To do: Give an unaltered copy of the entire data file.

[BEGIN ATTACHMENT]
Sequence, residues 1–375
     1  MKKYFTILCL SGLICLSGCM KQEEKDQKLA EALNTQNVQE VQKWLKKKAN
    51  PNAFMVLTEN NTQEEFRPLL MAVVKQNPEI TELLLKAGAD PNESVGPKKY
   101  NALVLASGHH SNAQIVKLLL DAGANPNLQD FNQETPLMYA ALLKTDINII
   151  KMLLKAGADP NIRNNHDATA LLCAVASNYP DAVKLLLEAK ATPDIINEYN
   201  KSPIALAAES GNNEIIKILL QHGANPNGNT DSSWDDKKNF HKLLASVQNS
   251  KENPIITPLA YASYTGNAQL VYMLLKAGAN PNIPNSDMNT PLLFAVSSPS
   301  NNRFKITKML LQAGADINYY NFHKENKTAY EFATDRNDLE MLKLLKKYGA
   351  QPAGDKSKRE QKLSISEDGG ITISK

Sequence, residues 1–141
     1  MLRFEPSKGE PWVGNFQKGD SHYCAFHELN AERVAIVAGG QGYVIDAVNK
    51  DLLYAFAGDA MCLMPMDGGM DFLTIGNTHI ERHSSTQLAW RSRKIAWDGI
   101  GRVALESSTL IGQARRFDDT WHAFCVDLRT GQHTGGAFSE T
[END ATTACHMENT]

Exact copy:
Sequence, residues 1–375
     1  MKKYFTILCL SGLICLSGCM KQEEKDQKLA EALNTQNVQE VQKWLKKKAN
    51  PNAFMVLTEN NTQEEFRPLL MAVVKQNPEI TELLLKAGAD PNESVGPKKY
   101  NALVLASGHH SNAQIVKLLL DAGANPNLQD FNQETPLMYA ALLKTDINII
   151  KMLLKAGADP NIRNNHDATA LLCAVASNYP DAVKLLLEAK ATPDIINEYN
   201  KSPIALAAES GNNEIIKILL QHGANPNGNT DSSWDDKKNF HKLLASVQNS
   251  KENPIITPLA YASYTGNAQL VYMLLKAGAN PNIPNSDMNT PLLFAVSSPS
   301  NNRFKITKML LQAGADINYY NFHKENKTAY EFATDRNDLE MLKLLKKYGA
   351  QPAGDKSKRE QKLSISEDGG ITISK

Sequence, residues 1–141
     1  MLRFEPSKGE PWVGNFQKGD SHYCAFHELN AERVAIVAGG QGYVIDAVNK
    51  DLLYAFAGDA MCLMPMDGGM DFLTIGNTHI ERHSSTQLAW RSRKIAWDGI
   101  GRVALESSTL IGQARRFDDT WHAFCVDLRT GQHTGGAFSE T